Oral Cavity: Teeth and Tongue

Taste buds contain the receptors for taste. They are located around the small structures on the upper surface of the tongue, soft palate, upper esophagus and epiglottis, which are called papillae. [1] These structures are involved in detecting the five (known) elements of taste perception: salty, sour, bitter, sweet, and savory. Via small openings in the tongue epithelium, called taste pores, parts of the food dissolved in saliva come into contact with taste receptors. These are located on top of the taste receptor cells that constitute the taste buds. The taste receptor cells send information detected by clusters of various receptors and ion channels to the gustatory areas of the brain via the seventh, ninth and tenth cranial nerves.
On average, the human tongue has 2,000–8,000 taste buds.[2]
source;
http://en.wikipedia.org/wiki/Taste_budhttp://en.wikipedia.org/wiki/Taste_bud
source: http://www.voicecraft.net/glossary.htm
CHECK OUT: Oral Cavity from "The Visual Dictionary"

source; http://www.agaveclinic.com/EN/cleft_velum.php
source; http://health.howstuffworks.com/human-body/systems/nose-throat/tongue2.htm
Caption: Tongue papillae. Light micrograph of a longitudinal section through filiform papillae on the tongue surface. Papillae are the tiny projections that give the tongue its rough texture. The filiform papillae (conical structures) are the most numerous type of papilla. They consist of a surface projection, which is mainly keratin (a structural protein, stained red), and may contain a connective tissue core. They serve a solely mechanical function; other types of papilla are involved in tasting and sensing touch. Magnification unknown. source; http://www.sciencephoto.com/images/download_lo_res.html?id=700012132
Caption: Tongue surface. False-colour scanning electron micrograph (SEM) of the surface of the human tongue. This image clearly shows the intricate pattern of minute surface projections (papillae). By far the more numerous are filiform papillae (blue), also known as conical papillae, which have mechanical and tactile (touch) functions. These papillae also form a rough surface which helps in the chewing and manipulation of food. Fungiform papillae (round, pink) are less numerous, and are well supplied with blood; they contain taste buds under their surface, thus playing a sensory role. Magnification: x94 at 6x7cm, x47 at 35mm size.source; http://www.sciencephoto.com/images/imagePopUpDetails.html?pop=1&id=804780029&pviewid=&country=67&search=&matchtype=FUZZY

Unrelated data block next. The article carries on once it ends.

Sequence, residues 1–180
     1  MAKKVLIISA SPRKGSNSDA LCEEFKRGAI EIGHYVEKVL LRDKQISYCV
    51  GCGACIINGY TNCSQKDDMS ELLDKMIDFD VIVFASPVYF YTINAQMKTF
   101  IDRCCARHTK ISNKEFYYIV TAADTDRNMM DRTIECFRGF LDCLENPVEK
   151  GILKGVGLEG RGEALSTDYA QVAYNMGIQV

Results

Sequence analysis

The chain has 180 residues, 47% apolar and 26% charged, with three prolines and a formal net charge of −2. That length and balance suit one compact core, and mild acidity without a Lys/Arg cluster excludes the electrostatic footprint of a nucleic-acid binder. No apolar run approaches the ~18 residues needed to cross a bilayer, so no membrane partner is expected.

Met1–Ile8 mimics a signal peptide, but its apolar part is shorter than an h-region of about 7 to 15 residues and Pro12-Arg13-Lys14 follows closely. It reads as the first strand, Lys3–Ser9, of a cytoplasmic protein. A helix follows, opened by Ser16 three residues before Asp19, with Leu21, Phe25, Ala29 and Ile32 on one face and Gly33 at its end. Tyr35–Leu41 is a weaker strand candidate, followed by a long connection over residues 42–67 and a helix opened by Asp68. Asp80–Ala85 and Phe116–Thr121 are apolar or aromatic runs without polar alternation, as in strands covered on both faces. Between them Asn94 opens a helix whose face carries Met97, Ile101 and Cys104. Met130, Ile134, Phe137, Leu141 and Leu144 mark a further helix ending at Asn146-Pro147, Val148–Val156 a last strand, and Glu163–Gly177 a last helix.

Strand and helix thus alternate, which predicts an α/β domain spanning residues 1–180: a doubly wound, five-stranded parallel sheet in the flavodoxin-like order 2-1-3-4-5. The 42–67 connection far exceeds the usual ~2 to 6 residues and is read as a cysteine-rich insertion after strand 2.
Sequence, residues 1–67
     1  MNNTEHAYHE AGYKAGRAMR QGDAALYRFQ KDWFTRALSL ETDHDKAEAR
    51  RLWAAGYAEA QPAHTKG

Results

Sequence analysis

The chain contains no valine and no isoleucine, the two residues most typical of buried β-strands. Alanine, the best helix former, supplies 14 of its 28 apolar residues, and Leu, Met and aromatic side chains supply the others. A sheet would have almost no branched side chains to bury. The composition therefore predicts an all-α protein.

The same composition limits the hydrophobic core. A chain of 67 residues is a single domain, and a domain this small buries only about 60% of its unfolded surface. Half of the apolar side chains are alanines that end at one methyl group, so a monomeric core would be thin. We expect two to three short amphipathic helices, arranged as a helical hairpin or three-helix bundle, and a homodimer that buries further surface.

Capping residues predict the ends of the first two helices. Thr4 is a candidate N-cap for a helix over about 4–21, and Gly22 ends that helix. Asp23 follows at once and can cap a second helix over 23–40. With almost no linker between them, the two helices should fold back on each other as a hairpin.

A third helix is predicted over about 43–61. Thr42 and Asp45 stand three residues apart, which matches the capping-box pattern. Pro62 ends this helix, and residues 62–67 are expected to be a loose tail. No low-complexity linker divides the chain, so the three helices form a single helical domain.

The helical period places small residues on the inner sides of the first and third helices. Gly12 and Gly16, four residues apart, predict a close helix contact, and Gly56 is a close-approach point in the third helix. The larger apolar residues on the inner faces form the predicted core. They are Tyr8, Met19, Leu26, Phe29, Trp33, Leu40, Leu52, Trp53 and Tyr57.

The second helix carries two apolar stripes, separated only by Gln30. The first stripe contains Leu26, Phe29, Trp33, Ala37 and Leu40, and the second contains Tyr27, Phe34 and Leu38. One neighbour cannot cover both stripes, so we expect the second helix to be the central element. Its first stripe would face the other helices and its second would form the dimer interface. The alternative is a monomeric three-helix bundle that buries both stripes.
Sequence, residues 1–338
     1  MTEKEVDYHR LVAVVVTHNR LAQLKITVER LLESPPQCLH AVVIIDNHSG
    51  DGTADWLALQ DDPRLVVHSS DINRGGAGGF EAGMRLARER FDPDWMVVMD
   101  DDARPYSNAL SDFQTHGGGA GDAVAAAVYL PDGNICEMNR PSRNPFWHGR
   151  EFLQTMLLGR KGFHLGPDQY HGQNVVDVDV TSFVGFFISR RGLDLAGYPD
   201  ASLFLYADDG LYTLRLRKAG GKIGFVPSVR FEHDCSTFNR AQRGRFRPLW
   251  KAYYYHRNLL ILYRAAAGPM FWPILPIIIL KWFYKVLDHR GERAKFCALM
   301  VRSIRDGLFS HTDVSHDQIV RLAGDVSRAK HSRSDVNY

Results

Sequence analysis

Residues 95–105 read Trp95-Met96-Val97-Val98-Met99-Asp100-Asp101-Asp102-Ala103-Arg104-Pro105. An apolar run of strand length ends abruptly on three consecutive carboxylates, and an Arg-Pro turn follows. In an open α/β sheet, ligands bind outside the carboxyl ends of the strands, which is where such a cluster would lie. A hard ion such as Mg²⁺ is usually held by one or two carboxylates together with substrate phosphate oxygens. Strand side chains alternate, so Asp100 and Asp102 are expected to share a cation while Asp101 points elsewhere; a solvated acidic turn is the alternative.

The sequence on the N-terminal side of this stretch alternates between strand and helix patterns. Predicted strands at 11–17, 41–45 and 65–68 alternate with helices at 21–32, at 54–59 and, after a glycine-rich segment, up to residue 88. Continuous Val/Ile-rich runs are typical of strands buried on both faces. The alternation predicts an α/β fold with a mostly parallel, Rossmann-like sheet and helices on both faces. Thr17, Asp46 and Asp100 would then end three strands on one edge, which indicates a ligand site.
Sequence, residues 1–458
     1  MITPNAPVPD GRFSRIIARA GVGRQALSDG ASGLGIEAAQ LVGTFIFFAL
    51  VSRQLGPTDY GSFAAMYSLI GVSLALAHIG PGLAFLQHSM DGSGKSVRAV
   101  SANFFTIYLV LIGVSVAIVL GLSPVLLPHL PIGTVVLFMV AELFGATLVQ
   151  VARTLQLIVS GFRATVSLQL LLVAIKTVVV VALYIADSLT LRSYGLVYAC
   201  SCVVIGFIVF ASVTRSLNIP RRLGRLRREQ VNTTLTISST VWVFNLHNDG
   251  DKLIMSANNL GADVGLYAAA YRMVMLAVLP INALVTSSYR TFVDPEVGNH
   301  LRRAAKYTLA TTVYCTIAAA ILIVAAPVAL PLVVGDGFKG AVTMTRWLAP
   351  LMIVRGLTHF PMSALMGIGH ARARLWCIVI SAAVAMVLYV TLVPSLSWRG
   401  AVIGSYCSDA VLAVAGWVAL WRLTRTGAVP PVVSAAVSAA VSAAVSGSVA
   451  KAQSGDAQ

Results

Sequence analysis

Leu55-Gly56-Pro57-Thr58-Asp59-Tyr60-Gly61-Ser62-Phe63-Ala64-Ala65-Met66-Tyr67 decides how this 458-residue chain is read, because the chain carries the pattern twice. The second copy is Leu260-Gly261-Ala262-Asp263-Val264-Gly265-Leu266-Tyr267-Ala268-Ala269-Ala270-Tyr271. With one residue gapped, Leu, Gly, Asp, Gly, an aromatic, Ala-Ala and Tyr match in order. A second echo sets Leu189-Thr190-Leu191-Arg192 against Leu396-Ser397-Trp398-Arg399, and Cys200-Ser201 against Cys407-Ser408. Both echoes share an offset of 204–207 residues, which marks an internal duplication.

source: http://www.tutorvista.com/biology/structure-of-the-tongue
These are located on top of the taste receptor cells that constitute the taste buds. The taste receptor cells send information detected by clusters of various receptors and ion channels to the gustatory areas of the brain via the seventh, ninth and tenth cranial nerves. On average, the human tongue has 2,000–8,000 taste buds. Contrary to popular understanding that different tastes map to different areas of the tongue, taste qualities are found in all areas of the tongue, although some regions are more sensitive than others. Each taste bud is flask-like in shape, its broad base resting on the corium, and its neck opening, the gustatory pore, between the cells of the epithelium. The bud is formed by two kinds of cells: supporting cells and gustatory cells. The supporting (sustentacular) cells are mostly arranged like the staves of a cask, and form an outer envelope for the bud. Some, however, are found in the interior of the bud between the gustatory cells. The gustatory (taste) cells, a chemoreceptor, occupy the central portion of the bud; they are spindle-shaped, and each possesses a large spherical nucleus near the middle of the cell.

(Source: National Geographic/ Wikipedia) source: http://thefutureofthings.com/pod/9623/tongue-papillae.html
The nasopharynx (nasal part of the pharynx) is the uppermost part of the pharynx. It extends from the base of the skull to the upper surface of the soft palate;[1] it differs from the oral and laryngeal parts of the pharynx in that its cavity always remains patent (open).
source;
http://en.wikipedia.org/wiki/Nasopharynx

source: http://helmizakariah.blogspot.com/2008_03_01_archive.html
The esophagus (or oesophagus; see spelling differences), sometimes known as the gullet, is an organ in vertebrates which consists of a muscular tube through which food passes from the pharynx to the stomach. During swallowing food passes from the mouth through the pharynx into the esophagus and travels via peristalsis to the stomach. The word esophagus is derived from the Latin Å“sophagus, which derives from the Greek word oisophagos , lit. "entrance for eating." In humans the esophagus is continuous with the laryngeal part of the pharynx at the level of the C6 vertebra. The esophagus passes through posterior mediastinum in thorax and enters abdomen through a hole in the diaphragm at the level of the tenth thoracic vertebrae (T10). It is usually about 25–30 cm long and connects the mouth to the stomach. It is divided into cervical, thoracic and abdominal parts. Due to the inferior pharyngeal constrictor muscle, the entry to the esophagus opens only when swallowing or vomiting.
source;
http://en.wikipedia.org/wiki/Esophagus

source: http://healthguide.howstuffworks.com/esophagus-picture.htm

source: http://www.pitt.edu/~anat/Chest/Esophagus/Esoph.htm

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